One particular mom, Violet along with her 11-year old son, Joseph, will forever be etched in my mind and heart. She invited us into her neat and orderly hovel, and poured out her heart. She had cancer, but no means to treat it. Her son, who sat quietly on the bed next to us, his stillness filling the atmosphere, was also ill. He suffered from unexplainable fainting spells, making any chance of attending God Cares School—his only real hope to escape that cycle of poverty—impossible. To comfort himself, and his mother, Joseph played his simple musical instrument as we talked.
Despite the seeming hopelessness of the situation, Joseph’s mother had faith that God would provide … and heal. But she needed encouragement—just as each of us do when life deals us blows that we’re ill-equipped to handle in our own strength. “Lord I believe … help me in my unbelief.”
And so we prayed for Violet, and Gloria and Rose, and all the other mothers—each of whom had their own story to tell—and their dreams for a better future for their children.
But prayer, as comforting and transformational as it can be, still must be accompanied by works. The question for me was, “What can I do to help?” Is it even possible to help one child break out of the cycle of poverty and hopelessness? How can they believe that’s possible if they don’t see anything different other than what they’re surrounded by every day?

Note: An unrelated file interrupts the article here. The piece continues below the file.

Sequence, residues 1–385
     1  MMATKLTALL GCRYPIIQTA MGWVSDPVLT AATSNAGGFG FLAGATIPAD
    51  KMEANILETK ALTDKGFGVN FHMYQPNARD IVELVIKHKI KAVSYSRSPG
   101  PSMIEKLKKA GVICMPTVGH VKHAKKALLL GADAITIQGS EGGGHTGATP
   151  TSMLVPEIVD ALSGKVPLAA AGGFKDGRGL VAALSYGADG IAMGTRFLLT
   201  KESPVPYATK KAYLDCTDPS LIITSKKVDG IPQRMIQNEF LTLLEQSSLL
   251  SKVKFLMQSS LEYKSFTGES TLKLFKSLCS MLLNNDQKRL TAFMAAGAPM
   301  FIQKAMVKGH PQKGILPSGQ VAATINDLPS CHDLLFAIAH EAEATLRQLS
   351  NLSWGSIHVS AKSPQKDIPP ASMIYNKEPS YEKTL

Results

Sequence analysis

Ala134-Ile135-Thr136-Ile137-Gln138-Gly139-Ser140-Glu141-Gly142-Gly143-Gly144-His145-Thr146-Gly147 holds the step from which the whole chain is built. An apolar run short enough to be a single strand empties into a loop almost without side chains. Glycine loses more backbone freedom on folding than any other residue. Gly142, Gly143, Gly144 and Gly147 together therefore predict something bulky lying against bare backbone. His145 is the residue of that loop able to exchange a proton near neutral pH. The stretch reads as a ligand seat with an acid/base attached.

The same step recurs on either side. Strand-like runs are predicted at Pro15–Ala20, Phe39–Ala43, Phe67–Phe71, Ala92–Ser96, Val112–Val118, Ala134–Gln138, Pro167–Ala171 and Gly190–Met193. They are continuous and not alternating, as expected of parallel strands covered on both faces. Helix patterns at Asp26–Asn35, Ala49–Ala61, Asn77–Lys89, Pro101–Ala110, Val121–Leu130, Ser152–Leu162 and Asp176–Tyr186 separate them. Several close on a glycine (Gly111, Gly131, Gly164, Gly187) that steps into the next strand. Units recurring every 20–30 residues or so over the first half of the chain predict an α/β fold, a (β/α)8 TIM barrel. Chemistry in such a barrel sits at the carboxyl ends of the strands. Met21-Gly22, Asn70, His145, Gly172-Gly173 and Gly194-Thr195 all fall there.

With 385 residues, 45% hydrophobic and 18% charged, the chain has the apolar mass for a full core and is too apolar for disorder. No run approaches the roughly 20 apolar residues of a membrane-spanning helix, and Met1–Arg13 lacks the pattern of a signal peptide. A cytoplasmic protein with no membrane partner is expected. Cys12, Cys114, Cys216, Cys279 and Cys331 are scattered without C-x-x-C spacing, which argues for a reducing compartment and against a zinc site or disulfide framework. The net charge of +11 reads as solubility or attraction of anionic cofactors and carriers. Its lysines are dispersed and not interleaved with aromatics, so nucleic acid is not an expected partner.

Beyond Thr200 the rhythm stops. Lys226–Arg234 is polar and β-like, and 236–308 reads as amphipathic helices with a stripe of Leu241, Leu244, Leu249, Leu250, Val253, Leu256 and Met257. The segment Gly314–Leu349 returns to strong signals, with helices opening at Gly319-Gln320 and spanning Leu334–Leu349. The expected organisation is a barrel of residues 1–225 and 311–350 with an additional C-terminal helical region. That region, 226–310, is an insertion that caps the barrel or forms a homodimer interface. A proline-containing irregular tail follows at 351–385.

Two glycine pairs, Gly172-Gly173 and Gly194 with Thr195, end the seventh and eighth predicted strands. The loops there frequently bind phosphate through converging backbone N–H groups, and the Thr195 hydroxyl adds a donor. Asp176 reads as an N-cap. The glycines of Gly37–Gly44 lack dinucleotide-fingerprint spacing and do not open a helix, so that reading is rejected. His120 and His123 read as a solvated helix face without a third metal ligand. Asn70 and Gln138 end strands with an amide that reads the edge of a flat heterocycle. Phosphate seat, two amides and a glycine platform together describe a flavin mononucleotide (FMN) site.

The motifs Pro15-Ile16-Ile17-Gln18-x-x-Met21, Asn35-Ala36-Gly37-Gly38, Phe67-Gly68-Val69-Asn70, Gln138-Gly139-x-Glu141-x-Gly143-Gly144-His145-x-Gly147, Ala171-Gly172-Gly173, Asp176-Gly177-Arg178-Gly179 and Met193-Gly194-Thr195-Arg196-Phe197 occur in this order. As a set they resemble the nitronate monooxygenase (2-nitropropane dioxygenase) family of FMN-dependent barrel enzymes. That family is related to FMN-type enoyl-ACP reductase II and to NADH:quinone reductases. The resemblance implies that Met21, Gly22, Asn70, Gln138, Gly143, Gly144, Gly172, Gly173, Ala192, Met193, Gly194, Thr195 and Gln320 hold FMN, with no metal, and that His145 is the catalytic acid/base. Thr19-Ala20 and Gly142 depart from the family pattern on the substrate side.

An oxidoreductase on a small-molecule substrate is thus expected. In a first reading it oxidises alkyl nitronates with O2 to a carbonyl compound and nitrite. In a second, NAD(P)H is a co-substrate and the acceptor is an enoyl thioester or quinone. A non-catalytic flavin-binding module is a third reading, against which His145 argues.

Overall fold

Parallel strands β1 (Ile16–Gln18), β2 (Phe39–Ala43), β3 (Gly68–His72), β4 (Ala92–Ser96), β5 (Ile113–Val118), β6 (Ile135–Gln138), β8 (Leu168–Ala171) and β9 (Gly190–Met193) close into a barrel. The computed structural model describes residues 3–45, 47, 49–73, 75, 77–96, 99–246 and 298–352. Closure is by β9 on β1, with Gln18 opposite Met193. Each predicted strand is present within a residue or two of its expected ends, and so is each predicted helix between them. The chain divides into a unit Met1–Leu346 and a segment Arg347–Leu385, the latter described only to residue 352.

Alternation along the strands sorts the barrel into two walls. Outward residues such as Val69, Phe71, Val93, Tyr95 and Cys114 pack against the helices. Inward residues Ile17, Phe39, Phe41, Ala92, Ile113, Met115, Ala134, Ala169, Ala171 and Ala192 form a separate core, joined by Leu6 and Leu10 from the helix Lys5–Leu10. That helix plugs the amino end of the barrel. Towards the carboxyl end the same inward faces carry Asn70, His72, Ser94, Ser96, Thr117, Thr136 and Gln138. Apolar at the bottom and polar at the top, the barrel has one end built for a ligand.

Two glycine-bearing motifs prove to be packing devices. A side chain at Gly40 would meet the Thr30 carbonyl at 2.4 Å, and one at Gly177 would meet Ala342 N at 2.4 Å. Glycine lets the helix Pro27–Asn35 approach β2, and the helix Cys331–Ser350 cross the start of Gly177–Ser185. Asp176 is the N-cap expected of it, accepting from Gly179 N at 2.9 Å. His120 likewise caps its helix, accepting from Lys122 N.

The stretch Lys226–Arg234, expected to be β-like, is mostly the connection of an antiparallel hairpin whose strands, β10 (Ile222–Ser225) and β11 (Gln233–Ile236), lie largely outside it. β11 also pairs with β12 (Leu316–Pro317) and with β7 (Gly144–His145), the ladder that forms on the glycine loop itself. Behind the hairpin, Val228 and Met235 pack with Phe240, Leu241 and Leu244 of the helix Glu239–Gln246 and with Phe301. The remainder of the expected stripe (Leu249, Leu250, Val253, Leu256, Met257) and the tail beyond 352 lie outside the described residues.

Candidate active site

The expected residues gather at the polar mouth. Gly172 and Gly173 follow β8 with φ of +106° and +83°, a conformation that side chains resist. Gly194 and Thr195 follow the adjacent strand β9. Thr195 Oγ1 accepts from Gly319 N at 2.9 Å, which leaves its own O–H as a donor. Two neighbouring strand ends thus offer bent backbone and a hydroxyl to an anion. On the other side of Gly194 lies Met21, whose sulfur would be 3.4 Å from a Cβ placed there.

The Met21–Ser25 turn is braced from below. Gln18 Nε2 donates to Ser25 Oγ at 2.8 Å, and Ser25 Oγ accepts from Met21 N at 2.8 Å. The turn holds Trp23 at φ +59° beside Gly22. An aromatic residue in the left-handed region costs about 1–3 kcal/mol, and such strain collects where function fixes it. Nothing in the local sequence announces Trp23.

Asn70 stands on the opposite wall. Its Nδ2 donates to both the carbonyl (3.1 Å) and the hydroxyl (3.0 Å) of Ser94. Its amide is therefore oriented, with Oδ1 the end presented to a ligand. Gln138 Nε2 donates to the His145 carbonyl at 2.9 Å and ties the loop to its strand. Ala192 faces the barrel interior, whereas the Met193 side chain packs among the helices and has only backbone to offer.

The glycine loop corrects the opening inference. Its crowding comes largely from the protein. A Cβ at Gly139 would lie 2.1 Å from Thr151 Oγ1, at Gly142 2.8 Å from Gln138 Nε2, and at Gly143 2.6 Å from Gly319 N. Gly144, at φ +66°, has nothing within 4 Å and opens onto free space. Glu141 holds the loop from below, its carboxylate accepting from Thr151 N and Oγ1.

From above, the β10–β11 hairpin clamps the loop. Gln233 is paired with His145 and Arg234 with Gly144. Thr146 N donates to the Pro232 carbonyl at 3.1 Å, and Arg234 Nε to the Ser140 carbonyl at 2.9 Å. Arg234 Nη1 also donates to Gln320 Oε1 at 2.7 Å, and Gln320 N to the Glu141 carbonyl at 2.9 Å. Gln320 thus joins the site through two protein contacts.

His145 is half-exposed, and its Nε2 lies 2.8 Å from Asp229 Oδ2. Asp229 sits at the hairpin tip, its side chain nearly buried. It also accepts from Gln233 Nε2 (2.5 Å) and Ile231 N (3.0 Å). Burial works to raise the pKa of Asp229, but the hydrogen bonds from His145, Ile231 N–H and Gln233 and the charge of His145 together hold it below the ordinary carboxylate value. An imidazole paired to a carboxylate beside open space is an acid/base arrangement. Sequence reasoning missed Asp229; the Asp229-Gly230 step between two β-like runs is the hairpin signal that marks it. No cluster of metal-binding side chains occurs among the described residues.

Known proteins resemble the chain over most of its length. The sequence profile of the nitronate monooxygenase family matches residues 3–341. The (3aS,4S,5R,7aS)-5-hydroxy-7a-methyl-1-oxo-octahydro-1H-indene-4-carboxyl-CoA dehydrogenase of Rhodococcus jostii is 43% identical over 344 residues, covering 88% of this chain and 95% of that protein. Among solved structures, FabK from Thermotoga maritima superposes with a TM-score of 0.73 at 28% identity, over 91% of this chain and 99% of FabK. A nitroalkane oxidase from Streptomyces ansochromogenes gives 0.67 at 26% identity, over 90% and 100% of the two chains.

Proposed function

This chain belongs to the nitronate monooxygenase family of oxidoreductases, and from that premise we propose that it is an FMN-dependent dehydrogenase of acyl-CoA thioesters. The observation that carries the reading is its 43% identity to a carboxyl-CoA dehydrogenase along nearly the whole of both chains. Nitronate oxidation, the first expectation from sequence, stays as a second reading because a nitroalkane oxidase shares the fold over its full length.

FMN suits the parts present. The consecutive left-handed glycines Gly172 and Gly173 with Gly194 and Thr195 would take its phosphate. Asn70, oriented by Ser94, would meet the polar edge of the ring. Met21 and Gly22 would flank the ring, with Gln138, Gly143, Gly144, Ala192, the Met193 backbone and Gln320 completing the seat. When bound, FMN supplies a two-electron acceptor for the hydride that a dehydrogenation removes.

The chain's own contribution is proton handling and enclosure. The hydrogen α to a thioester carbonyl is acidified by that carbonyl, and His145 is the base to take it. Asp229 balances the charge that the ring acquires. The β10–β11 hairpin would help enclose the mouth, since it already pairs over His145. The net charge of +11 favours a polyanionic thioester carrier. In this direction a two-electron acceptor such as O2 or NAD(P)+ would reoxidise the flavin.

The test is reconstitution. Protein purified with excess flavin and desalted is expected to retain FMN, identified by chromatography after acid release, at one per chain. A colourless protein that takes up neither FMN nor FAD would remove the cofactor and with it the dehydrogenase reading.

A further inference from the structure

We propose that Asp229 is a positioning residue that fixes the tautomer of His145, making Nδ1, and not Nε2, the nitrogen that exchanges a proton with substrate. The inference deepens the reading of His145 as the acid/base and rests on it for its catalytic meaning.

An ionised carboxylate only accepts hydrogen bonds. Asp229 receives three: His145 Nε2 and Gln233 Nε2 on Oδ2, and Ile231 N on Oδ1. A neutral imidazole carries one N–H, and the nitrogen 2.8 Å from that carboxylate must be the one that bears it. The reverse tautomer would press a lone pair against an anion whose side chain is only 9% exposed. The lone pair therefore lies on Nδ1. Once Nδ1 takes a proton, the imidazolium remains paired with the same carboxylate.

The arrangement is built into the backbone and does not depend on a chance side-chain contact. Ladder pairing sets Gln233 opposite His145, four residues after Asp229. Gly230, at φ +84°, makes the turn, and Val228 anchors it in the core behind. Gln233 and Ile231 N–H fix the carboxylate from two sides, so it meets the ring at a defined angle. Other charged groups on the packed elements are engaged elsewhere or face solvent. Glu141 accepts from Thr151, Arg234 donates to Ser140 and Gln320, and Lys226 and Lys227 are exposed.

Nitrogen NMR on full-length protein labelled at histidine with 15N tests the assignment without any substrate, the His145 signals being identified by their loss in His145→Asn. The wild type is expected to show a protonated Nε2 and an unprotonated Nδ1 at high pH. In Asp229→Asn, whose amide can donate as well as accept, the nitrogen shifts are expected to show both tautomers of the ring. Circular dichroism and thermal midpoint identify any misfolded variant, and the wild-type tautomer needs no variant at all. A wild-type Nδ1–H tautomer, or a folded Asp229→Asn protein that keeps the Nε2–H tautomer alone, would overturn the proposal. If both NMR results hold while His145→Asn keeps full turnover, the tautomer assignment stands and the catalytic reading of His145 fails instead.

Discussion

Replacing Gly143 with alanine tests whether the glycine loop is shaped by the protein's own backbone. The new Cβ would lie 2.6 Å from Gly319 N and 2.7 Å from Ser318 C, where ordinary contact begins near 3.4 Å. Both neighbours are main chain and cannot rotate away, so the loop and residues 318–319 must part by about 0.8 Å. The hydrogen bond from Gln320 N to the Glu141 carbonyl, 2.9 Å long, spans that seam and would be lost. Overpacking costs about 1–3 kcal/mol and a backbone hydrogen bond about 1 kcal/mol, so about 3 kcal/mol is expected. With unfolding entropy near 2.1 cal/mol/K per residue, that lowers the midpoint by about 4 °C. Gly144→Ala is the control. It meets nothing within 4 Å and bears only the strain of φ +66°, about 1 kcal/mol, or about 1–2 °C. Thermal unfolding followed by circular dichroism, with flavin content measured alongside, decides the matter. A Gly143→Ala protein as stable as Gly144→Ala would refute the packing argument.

These are the questions I asked myself when visiting this community. And after arriving back in the US to my own fairly comfortable life (though uncertain future), I had to ask myself, so now having seen what I saw, what is my responsibility? What would God have me to do to help the people of Bukasa and Jinja in my own limited way?
The answer, I found, wasn’t complicated. I would “go after the one” by continuing to fund my sponsored child’s education—and to never stop praying for her. And as I prospered, I would find another child I could sponsor, fully assured that the Dongo family who runs God Cares’ School not only cares deeply for their own people—Ugandans helping Ugandans—they know how to do it. This, I would learn, is all important. It’s that delicate balance of meeting basic needs and a quality education, while, at the same, working to overcome that third-world malady known as “learned helplessness.”
So, really my visiting the slums of Busaka and Jinja was not a waste, even though I felt that mere hugs and smiles, with some small gifts of clothes and supplies, were hardly sufficient in the face of such overwhelming poverty. But it was for that time, and on that day. Because, as I would soon learn, even the simplest expressions of human affection and compassion—be it a gentle touch, an embracing hug or a word of encouragement—can do more than we can possibly imagine to revive even the weariest heart.